We know that the next generation of the iPad arrives today, March 7, but the internal specs and software remain a mystery. Will it have a Retina display? 4G? Quad-core power? And what about Siri?
With so many rumors swirling, it's hard to know what features will make it into the final product--and, since there's been talk of an 8-inch iPad, how many "final products" there will be. Still, it's fun to review what has been said thus far. In anticipation of the new iPad's official arrival, here's a quick recap of what to expect.
March 7 Announcement, Unknown Sale Date
We'll know more about the next iPad on Wednesday, March 7, when Apple holds its press conference at the Yuerba Buena Arts Center in San Francisco. Sources like iMore and All Thing D caught early wind that Apple would hold a presser the first week of March, and thanks to an official Apple invite, that's confirmed. Still no word on when the new slate will hit stands, but Bloomberg believes the big day will come before the end of the month.Sources:Apple, Bloomberg, iMore, All Things D
Display: Double the Resolution?
One of the first iPad 3 rumors to surface was about the tablet's display, with the Wall Street Journal reporting in August that Apple would use a 9.7-inch, 2048 x 1536 (QXGA) display in the new tablet (as opposed to the iPad 2's 1024 x 768 resolution). CNET and DigiTimes had a similar story in mid January, claiming that LG Display and Sharp will manufacture 6 to 7 million iPad 3 screens in the next two and a half months. With Android tablets announced at CES that sport 1900 x 1200 full HD screens, such as the Transformer Prime TF700T and the Acer Iconia Tab A700, Apple's slate could very well leapfrog the competition.
In January, Bloomberg cited sources who say the new iPad 3 will ship with a faster quad-core processor, a rumor that's since been published by everyone from Engadget to Mac Rumors.BGR even reported leaked photos that appear to confirm that the tablet will run a quad-core A6. But not so fast— The Verge reported that it might be just a dual-core processor, as seen in the iPad 2, after all.
The iPad 2's rear 720p camera has received plenty of flack for its mediocre image quality, but BGR says the iPad 3 will upgrade to a 8-megapixel shooter on par with the cam on the iPhone 4S. Additionally, the front-facing camera could support HD FaceTime video chats. iLounge's Jeremy Horwitz was the first to report this, via Twitter.
Citing a leaked image of the iOS 5.1 beta 3, 9to5Mac hinted that Apple could be adding Siri dictation functionality to the upcoming iPad. The beta shows a menu section for "Dictation and Privacy," a feature that is not available on current models of the tablet. It's unclear if this means that the iPad 3 will offer only voice recognition capabilities for dictation or whether Apple will be porting the entire Siri experience to its new slate.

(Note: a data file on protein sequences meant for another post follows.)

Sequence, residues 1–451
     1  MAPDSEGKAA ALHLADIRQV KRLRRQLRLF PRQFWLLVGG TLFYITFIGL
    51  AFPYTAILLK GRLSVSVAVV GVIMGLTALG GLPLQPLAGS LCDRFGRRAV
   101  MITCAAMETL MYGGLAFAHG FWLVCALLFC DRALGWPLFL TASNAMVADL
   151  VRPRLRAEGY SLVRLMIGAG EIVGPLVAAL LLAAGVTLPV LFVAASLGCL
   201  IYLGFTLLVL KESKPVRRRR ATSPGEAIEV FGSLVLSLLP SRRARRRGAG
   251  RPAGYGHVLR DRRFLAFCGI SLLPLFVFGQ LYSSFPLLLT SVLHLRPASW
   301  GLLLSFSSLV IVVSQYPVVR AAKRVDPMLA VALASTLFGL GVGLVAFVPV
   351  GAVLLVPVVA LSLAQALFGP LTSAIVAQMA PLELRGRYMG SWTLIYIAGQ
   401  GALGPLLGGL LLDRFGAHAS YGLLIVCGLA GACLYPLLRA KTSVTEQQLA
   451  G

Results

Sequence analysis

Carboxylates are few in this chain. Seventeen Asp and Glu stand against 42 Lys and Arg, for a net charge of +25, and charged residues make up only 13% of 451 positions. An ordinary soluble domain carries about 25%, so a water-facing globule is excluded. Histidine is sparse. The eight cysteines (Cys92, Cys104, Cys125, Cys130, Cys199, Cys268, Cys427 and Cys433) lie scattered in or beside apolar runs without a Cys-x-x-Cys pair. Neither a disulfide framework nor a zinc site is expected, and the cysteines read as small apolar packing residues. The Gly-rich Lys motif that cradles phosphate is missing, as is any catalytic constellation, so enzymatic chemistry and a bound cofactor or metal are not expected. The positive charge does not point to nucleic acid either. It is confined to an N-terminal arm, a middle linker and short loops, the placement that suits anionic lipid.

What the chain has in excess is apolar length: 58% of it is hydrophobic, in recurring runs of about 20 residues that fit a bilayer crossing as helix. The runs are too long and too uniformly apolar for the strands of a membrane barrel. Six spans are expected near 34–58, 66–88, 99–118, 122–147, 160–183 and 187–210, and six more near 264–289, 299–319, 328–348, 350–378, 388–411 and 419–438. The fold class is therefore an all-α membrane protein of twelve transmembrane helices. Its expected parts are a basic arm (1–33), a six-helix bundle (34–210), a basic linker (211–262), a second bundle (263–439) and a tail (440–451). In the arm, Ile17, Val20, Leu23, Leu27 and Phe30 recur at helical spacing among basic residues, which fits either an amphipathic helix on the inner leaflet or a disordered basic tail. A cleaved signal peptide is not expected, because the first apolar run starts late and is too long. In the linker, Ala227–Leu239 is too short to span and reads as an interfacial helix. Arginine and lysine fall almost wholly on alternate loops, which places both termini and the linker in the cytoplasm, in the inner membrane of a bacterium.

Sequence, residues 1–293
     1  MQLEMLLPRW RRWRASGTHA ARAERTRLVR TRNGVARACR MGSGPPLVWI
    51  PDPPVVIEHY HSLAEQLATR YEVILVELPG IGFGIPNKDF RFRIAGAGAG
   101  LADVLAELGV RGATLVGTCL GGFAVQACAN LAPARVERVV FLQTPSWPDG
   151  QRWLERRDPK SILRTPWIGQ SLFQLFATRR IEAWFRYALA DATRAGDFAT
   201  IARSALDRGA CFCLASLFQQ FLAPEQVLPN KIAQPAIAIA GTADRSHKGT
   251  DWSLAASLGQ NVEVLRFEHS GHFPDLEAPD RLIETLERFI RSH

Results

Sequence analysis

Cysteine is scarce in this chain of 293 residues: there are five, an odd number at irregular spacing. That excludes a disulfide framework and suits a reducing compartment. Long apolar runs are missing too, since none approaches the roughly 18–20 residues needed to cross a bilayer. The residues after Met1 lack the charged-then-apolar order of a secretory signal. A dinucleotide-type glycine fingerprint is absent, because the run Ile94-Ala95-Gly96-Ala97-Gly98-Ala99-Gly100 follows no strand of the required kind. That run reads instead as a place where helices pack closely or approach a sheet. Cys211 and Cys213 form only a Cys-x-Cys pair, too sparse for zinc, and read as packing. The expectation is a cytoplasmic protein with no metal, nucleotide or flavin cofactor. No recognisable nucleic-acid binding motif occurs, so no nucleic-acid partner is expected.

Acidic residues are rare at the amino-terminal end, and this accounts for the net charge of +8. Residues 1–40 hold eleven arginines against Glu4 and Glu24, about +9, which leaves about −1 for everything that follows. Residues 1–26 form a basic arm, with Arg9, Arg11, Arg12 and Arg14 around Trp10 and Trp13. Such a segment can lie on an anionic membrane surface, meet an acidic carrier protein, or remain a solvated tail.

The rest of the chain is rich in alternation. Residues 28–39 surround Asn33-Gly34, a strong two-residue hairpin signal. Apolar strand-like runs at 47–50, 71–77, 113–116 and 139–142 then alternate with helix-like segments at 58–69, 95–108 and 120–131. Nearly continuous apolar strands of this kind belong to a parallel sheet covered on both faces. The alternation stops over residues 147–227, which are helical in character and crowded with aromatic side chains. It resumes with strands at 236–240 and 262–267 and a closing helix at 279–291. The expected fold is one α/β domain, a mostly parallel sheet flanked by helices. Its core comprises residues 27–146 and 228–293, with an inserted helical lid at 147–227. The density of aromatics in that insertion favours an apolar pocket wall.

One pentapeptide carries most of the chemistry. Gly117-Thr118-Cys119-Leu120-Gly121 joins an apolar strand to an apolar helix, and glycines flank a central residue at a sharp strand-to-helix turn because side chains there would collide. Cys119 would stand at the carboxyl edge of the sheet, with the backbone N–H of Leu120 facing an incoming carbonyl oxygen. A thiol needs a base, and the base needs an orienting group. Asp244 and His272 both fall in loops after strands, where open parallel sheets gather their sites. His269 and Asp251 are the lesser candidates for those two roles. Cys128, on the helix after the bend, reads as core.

Could the iPad finally get an upgrade to 4G? The Wall Street Journal thinks so. The website reported that both AT&T and Verizon will sell iPad 3 tablets with 4G LTE connectivity. Looking back, CNET reported as early as November that the iPad 3 will likely run Qualcomm's 4G LTE Gobi 4000 chip. Bloomberg's January report on the iPad 3 also cited sources that said 4G LTE capability is likely to make its way to the tablet, and Forbes was on board with this story, too. (We're curious to see how long the iPad 3 lasts on a charge with LTE on, as the technology certainly zapped the runtime of other 4G tablets like the Samsung Galaxy Tab 10.1 on Verizon.
DigiTimes, that constant purveyor of iPad 3 rumors, of course claims to have the skinny on the iPad 3's battery. The site said the next tablet will have an increased battery capacity of 14,000mAH (compared to 6,500mAH for the current version). ZDNet reported a similar story, though there's no word on how much longer the new tablet will last on a charge. Perhaps Apple went this route to offset battery life drain from LTE.
DigiTimes made waves when it added a new twist to the iPad 3 rumor mill: Apple may release two versions of the device, one higher-end model and one moderately priced option. (The story in question has since been restricted to site subscriber access only.) However, BGR posted leaked photos that indicate the upcoming tablet will simply ship with two different connectivity options: Wi-Fi only or Wi-Fi plus global LTE. Most recently, the Wall Street Journal reported that Apple presented an 8-inch iPad with a resolution comparable to the current tablet to hardware suppliers in Asia. But demo'ing the device with component makers likely means the 8-inch slate won't be ready for public eyes this year.